MAYFIELD, Ky. (AP) — Mayfield Consumer Products night shift workers were in the thick of the holiday rush, blowing out Christmas candles, when a tornado approached the plant and the word was “duck and cover”. ”
Autumn Kirks lowered her safety glasses and took cover, tossing aside buckets of wax and perfume to make room. She looked away from her boyfriend, Lannis Ward, and when she turned around, he was gone.
On Sunday, he was among dozens of people missing and feared to have died in the rubble of the factory.
With the Kentucky governor warning that the state’s death toll from Friday night’s tornado outbreak in Mayfield and other communities could top 100, Kirks and others waited in anguish for news from loved ones as the rescue effort grew darker by the hour.
“Not knowing is worse than knowing now,” she said. “I try to stay strong. It’s very difficult right now. »
Forty of the 110 people who were inside the plant were removed shortly after the tornado hit, authorities said. Rescuers had to crawl over the dead to reach the living at a disaster scene that smelled like scented candles.
But by the time worshipers gathered Sunday morning to pray for the lost, more than 24 hours had passed since anyone had been found alive.
“It will be a miracle if we get someone else out of it. There are now 15 feet deep of steel and cars above where the roof was,” Governor Andy Beshear said on CNN. “Just hard.”
Kentucky was by far the hardest-hit state in an unusual swarm of tornadoes in mid-December across the Midwest and South that leveled entire communities and killed at least 14 people in four other states.
“From the reports I’ve received, I can tell you that we’ve lost over 80 Kentucky people. This number is going to exceed more than 100,” Beshear said.
“I have towns that are gone, that are just, I mean, gone. My dad’s hometown – half ain’t standing. It is difficult for me to describe. I know people can see the visuals, but it’s 12 blocks or more in some of these places. »
He said going door to door looking for victims in the hardest hit areas was out of the question: “There are no doors.” With high afternoon temperatures forecast only in the 1940s, tens of thousands of people were without power.
Kirks said she and her boyfriend were about 10 feet apart in a hallway when someone said to take cover. Suddenly, she saw sky and lightning where a wall was, and Ward was gone.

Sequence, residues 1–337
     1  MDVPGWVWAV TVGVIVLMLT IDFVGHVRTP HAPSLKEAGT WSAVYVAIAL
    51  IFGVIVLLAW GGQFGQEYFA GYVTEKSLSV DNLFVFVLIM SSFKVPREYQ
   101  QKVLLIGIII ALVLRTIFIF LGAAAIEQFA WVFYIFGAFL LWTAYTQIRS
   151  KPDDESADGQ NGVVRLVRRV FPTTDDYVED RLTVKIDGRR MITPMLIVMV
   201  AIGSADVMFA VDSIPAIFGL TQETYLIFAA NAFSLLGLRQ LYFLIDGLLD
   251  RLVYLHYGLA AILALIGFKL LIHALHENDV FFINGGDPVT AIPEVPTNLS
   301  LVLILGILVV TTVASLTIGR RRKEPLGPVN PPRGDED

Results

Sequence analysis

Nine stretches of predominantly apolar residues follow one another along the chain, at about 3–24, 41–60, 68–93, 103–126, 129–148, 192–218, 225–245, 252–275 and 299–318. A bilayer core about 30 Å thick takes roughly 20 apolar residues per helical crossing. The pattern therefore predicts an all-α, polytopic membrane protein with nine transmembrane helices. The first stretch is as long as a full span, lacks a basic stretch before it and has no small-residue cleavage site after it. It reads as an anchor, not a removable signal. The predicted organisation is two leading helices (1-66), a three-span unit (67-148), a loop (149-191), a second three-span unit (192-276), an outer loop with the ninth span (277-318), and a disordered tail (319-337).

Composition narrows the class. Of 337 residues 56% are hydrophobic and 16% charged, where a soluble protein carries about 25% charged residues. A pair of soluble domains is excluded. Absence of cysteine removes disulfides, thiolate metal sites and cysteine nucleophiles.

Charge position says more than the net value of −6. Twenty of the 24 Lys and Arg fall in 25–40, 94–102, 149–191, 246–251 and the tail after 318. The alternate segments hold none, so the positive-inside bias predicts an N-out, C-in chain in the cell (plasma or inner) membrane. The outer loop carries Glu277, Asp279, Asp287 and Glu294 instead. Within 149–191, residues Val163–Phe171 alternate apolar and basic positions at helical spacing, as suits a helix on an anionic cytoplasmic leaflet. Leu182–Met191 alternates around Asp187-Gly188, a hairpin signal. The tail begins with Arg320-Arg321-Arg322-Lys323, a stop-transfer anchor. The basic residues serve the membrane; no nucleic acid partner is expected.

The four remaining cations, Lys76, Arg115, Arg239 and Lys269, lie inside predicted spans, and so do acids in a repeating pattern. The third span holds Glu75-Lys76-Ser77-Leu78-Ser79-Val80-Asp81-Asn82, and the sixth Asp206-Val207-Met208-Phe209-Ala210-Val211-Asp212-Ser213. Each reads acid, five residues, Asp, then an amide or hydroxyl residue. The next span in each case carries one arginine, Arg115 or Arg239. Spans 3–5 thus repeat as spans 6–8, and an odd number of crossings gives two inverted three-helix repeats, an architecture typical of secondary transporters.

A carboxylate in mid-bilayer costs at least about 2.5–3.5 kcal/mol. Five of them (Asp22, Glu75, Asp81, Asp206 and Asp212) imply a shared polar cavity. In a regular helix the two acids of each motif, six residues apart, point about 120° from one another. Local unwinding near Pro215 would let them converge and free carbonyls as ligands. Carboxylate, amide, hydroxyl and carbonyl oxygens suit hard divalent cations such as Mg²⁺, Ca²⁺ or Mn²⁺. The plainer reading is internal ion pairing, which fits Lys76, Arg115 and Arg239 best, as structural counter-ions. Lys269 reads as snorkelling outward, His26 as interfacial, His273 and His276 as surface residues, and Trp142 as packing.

“I remember taking my eyes off him for a second and then he left. I don’t know where he went, I have no idea,” she said.
Kirks was at a ministry center where people were gathering to seek information on the missing.
“It was indescribable,” Pastor Joel Cauley said of the scene of the disaster. “It was almost as if you were in a twilight zone. You could smell the candles and you could hear people calling for help. The candles smell and all the sirens are not something I expected to experience at the same time.
The tornado that blazed the trail of destruction in Kentucky touched down an extraordinary and potentially record-breaking distance of more than 200 miles (320 kilometers). Eleven people were reportedly killed in and around Bowling Green alone.
The storm was all the more remarkable because it came in December, when normally colder weather limits tornadoes.
The outbreak also killed at least six people in Illinois, where an Amazon fulfillment center in Edwardsville was hit; four in Tennessee; two in Arkansas, where a nursing home was destroyed and the governor said workers were protecting residents with their own bodies; and two in Missouri.
Debris of destroyed buildings and shredded trees covered the ground in Mayfield, a town of about 10,000 people in western Kentucky. Twisted metal sheets, downed power lines and wrecked vehicles lined the streets. Windows were blown out and roofs torn from buildings still standing.
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In the shadow of their crumpled church sanctuaries, two Mayfield congregations came together on Sunday to pray for those who were lost. Members of First Christian Church and First Presbyterian Church met in a parking lot surrounded by rubble, piles of broken bricks and metal.
“Our little town will never be the same again, but we are resilient,” said Laura McClendon. “We will get there, but it will take a long time.
Associated Press writers Kristin Hall and Claire Galofaro in Mayfield; Jay Reeves in Birmingham, Alabama; Seth Borenstein in Washington; and Travis Loller in Nashville, Tennessee, contributed to this report.